If you’ve been lurking around the internet recently, you may have seen a lot of drama about this “Article 13” in the EU going around. Since most of the other sites are political action groups that want your money, and many others do a garbage job of explaining this, I’ll try to explain this as briefly and simply as possible.
What is it?
This whole deal is Article 13 of Proposal for a Directive of the European Parliament and of the Council on copyright in the Digital Single Market. Essentially, it proposes to the governments of the EU that they should require sites to host bots that check all work uploaded against a database of copyrighted materials.
This would be a requirement for all sites accessible within these countries, like GDPR. Unlike GDPR, this is not in the best interest of users, but rather large corporations with vast amounts of copyright material.
Why is this bad?
Almost the entirety of the internet thrives on a law called Fair Use. This is the rule that says you can reuse copyrighted material in parodies, research sites like Wikipedia (if attributed properly) and adaptations such as memes.
With this law, all of these things that make up internet culture today (think Pepsi man, Tide pods, etc.) will cease to exist since the copyright bots will strike.
This already exists at some scale with YouTube, which has a neural network identify copyrighted works such as TV shows and music. We’ve seen how that works out- frequent errors in judgement with long response times from a company whose business thrives on having content. Imagine how much worse the situation would be if the government ran it, having little-to-no incentive to work to allow incorrectly flagged content.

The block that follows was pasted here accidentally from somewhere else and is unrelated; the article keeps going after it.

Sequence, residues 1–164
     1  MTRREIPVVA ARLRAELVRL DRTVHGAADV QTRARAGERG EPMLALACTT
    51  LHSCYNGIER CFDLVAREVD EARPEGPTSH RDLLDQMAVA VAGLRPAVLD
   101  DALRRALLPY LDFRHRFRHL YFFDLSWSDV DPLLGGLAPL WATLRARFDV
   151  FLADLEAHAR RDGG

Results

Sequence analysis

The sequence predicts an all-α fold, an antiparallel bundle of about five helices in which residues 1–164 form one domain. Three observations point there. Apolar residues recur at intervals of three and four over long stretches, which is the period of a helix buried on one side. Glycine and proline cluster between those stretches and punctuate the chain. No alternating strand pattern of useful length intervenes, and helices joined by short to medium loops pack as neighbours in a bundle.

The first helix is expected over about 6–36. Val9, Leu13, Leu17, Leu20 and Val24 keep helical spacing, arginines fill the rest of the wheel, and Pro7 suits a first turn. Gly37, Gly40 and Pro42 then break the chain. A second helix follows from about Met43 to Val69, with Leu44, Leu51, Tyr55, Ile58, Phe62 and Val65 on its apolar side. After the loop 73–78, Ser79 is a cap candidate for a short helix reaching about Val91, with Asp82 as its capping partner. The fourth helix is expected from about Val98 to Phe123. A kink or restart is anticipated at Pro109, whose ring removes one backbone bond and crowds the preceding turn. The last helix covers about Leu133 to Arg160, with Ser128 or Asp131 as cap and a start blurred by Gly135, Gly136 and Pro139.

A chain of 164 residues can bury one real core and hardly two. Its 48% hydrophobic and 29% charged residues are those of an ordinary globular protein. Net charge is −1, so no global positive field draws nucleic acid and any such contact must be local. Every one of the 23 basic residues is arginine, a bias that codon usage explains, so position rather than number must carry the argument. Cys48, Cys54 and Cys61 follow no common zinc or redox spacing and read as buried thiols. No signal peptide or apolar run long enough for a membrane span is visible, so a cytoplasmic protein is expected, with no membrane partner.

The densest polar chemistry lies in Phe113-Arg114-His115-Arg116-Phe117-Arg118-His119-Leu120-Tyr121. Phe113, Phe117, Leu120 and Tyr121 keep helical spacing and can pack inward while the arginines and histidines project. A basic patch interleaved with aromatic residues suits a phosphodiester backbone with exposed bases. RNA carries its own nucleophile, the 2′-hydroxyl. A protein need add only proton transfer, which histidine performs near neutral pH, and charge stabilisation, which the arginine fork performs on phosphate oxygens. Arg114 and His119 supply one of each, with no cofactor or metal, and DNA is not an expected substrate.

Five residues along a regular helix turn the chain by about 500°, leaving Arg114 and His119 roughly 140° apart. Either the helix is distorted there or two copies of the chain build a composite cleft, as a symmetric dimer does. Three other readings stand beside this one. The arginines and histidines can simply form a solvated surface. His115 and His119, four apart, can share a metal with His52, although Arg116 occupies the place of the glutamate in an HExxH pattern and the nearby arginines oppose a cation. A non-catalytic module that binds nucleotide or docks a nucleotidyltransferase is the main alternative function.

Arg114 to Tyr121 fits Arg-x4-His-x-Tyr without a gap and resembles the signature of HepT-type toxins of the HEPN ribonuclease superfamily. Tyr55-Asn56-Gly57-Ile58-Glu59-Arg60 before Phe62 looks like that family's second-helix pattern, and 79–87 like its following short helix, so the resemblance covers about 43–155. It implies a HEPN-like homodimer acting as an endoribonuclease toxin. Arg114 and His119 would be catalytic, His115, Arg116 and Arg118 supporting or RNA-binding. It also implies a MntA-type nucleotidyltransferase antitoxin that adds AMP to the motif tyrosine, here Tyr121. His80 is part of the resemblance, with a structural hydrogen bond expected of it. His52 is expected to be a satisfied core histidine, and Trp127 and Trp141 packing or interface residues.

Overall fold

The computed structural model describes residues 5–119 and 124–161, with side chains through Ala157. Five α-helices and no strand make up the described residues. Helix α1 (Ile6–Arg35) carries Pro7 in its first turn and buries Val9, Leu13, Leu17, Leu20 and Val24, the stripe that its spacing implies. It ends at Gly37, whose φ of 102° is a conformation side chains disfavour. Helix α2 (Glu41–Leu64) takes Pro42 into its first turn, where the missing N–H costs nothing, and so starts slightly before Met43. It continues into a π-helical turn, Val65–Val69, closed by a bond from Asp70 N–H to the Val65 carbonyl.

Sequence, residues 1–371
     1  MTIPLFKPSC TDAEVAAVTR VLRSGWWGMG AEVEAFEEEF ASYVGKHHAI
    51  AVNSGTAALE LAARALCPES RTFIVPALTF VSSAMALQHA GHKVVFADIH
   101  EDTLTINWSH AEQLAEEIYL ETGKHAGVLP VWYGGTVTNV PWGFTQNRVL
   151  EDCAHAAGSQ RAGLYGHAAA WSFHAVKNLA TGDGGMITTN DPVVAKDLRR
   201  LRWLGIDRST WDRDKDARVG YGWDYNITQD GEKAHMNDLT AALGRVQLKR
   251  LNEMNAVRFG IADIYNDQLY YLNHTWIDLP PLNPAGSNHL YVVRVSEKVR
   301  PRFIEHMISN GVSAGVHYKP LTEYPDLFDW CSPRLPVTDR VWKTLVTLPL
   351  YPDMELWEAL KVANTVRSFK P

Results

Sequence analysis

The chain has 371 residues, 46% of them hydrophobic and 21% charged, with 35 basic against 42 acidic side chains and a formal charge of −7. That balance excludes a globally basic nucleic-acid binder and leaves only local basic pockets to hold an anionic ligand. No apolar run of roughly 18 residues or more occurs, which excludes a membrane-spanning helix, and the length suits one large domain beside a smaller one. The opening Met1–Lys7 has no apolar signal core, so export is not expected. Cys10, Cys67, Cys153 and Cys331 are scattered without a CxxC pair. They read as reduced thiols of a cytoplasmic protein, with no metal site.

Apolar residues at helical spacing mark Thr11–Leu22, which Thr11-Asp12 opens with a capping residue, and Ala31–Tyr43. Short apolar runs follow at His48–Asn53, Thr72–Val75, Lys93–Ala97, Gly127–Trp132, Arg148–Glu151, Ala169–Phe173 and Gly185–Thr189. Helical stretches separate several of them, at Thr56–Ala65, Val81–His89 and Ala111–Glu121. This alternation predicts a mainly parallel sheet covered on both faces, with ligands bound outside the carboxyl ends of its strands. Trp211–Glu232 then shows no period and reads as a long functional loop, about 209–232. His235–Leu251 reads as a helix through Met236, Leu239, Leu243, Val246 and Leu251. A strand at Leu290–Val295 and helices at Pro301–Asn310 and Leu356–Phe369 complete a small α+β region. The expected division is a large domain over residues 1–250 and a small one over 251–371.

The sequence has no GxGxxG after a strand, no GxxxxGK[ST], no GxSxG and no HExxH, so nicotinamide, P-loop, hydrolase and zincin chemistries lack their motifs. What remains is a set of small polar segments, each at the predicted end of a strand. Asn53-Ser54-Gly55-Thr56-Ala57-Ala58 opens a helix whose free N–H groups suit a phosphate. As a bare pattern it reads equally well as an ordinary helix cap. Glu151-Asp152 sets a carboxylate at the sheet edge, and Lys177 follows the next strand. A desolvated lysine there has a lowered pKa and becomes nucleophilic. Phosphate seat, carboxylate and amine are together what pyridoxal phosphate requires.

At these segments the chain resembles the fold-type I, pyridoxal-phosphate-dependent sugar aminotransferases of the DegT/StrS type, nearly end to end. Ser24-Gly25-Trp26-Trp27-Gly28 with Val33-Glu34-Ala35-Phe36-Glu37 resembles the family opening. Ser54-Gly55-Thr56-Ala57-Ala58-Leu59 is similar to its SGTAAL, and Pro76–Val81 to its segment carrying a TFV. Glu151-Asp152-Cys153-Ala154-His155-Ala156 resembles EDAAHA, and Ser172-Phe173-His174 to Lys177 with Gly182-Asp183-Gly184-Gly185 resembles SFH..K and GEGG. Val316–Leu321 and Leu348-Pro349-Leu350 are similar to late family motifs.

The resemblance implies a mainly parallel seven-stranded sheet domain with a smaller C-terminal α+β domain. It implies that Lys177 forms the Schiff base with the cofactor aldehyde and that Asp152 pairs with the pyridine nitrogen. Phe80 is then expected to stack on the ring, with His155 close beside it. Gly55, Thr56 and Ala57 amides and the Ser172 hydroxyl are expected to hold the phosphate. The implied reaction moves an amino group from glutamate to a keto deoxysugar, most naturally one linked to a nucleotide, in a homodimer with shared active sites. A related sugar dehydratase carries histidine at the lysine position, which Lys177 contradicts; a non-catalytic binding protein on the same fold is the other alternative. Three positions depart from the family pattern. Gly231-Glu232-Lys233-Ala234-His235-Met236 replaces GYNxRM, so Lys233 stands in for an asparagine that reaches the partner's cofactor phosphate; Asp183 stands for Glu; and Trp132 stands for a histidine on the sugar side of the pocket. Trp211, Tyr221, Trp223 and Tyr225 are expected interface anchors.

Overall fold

How does this affect me?
Currently, this proposal exists only within the European Union. That’s all it is, and all it ever will be, even if it passes. This is simply a suggestion, with all the foundations of a law, for the governments residing in the EU. None are required to follow it, but all are encouraged to. Surely, one government will eventually adopt it to “protect their content creators,” and through the effect of globalization it will slowly spread.
Like GDPR, all sites that wish to be accessible within the enforcing countries will need to comply with this requirement, obtaining a license from the private software company that is making the copyright ID software.
This will affects our ‘Muricans in the United States too, since many sites we use on a daily basis are accessible worldwide. Reddit, YouTube (who already complies to an extent), other Google services, and really any mainstream service we have today will need to comply with this law. And, knowing the current FCC, the US may actually adopt this as law too since it has a positive effect on business here.
What can I do to stop this?
If you live in the EU, contact your MEP. saveyourinternet.eu has a great tool for finding and contacting your MEP, and has a few prewritten scripts and talking points for them. Phone calls are generally the most effective method, since you know they actually answer them.
If you don’t, but run a website/subreddit/etc. you can help spread awareness.
- Blogs: Create a blogpost about this, or link here to tell people what’s going on.
- Subreddits: We have a couple options for subreddits.
- Add an AutoModerator rule. This addition to AutoModerator configuration will remove all posts and leave a comment explaining Article 13 and how to take action.
- Make a sticky. Here is a template sticky for your subreddit. Feel free to modify it as you want and sticky it at the top of your subreddit.
- Change your CSS. I haven’t spoken to any CSS gurus about this, but changing the CSS of your subreddit will have a massive impact. If you have one on your staff, please have them contact me, /u/jackson1442 and I’ll link it here.
- Stay tuned in the Reddit Mods Discord. We are planning to organize a day of action, where the AutoMod config all comes together at the same time. This has proven to have a more profound impact on users of reddit, and will result in more people taking action.
- Other websites: Talk to your viewers! Find some way to spread the word about this, because knowledge and awareness are the most important things we can have to stop this. Every little bit helps.